Man Admits Altering Loan Due Dates and Interest for his Personal Benefit

Allison Tussey —  October 29, 2010 — Leave a comment

Jeffrey W. Thompson, 40, Hume, Missouri, the former president of Hume Bank, Bates County, Missouri, pleaded guilty in federal court to making false statements to the FDIC as part of a bank fraud scheme that caused such significant losses that the bank was pushed into insolvency. Thompson pleaded guilty before U.S. Magistrate Judge Sarah W. Hays to the charges contained in a December 1, 2009, federal indictment.

Thompson became president of Hume Bank in 2001. From January 1, 2004, through August 31, 2007, when he left the bank, Thompson concealed problem loans from state and federal bank examiners. Due primarily to loan losses on loans originated and administered by Thompson, in which he masked past due loans by altering loan maintenance records, the bank became insolvent and was closed by the Missouri Division of Finance on March 7, 2008. In order to meet obligations to depositors, the FDIC insurance fund sustained a loss of $4,324,463.

Thompson admitted that he masked past due loans by altering loan maintenance records. For example, past due principal was reduced to zero in 1,584 instances, past due interest was reduced to zero on 1,460 occasions, and 1,445 maturity dates were changed on the loan maintenance reports. The great majority of these changes were not supported by loan modification agreements in bank files. Thompson personally made the majority of the changes. The false loan maintenance reports concealed problem loans from state and federal bank examiners and from the bank’s board of directors.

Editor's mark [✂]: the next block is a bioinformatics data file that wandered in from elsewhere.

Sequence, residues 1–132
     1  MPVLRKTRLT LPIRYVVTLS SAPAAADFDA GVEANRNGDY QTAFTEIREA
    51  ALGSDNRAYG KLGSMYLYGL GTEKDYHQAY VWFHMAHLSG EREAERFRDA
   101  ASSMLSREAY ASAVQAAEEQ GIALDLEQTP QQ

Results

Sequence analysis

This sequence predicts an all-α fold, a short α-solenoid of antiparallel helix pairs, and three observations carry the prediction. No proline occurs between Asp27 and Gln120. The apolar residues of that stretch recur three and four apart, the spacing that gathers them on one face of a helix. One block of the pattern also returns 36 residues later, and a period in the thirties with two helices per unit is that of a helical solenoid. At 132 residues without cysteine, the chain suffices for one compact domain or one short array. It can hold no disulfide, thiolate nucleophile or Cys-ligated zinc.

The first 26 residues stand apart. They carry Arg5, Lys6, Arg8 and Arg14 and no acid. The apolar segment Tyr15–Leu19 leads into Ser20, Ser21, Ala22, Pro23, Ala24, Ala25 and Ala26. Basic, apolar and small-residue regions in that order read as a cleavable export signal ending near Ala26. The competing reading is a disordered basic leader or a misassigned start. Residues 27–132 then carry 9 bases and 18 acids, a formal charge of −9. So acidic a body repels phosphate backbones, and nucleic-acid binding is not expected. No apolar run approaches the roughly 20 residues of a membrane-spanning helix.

Thompson also completed false Officer’s Questionnaires, by falsely stating that the bank had no accommodation loans, or nominee loans, and by falsely stating that the bank had no instances of capitalized interest. In truth, Thompson had made accommodation, or nominee loans, to relatives from which he personally profited, and had made loans which capitalized interest.

By pleading guilty, Thompson agreed to forfeit to the government $300,000, which represents proceeds from the fraud scheme, or his residential property.

Under federal statutes, Thompson is subject to a sentence of up to 30 years in federal prison without parole, plus a fine up to $1 million and an order of restitution. A sentencing hearing will be scheduled after the completion of a presentence investigation by the United States Probation Office.

Beth Phillips, United States Attorney for the Western District of Missouri, announced the guilty plea.

This case is being prosecuted by Assistant U.S. Attorney Kate Mahoney. It was investigated by the Federal Deposit Insurance Corporation and the Federal Bureau of Investigation.


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Allison Tussey

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